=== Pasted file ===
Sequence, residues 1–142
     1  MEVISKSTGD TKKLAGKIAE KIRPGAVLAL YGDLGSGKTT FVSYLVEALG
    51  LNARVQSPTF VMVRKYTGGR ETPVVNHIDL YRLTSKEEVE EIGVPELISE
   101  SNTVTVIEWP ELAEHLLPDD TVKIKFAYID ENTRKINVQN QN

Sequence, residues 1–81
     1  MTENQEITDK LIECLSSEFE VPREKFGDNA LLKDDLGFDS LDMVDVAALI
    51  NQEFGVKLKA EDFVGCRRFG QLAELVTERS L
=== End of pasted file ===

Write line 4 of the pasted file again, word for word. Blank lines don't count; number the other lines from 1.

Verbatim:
   101  SNTVTVIEWP ELAEHLLPDD TVKIKFAYID ENTRKINVQN QN